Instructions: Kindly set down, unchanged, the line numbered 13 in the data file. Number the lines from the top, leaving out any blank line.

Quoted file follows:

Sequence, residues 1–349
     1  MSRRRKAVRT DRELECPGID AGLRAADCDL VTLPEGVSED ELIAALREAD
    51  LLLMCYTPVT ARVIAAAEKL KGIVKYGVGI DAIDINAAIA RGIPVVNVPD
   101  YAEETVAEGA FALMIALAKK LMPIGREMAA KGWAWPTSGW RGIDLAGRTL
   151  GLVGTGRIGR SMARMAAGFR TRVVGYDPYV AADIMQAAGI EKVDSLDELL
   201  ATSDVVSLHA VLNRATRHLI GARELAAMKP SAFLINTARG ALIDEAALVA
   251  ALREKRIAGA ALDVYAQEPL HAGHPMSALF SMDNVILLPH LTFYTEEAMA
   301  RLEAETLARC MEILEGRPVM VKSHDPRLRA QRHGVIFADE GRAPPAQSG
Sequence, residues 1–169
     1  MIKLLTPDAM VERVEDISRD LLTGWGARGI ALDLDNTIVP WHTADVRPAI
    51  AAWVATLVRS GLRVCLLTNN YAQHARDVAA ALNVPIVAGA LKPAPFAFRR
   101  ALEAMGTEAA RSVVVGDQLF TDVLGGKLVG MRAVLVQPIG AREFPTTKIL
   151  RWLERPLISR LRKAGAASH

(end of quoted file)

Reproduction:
   151  RWLERPLISR LRKAGAASH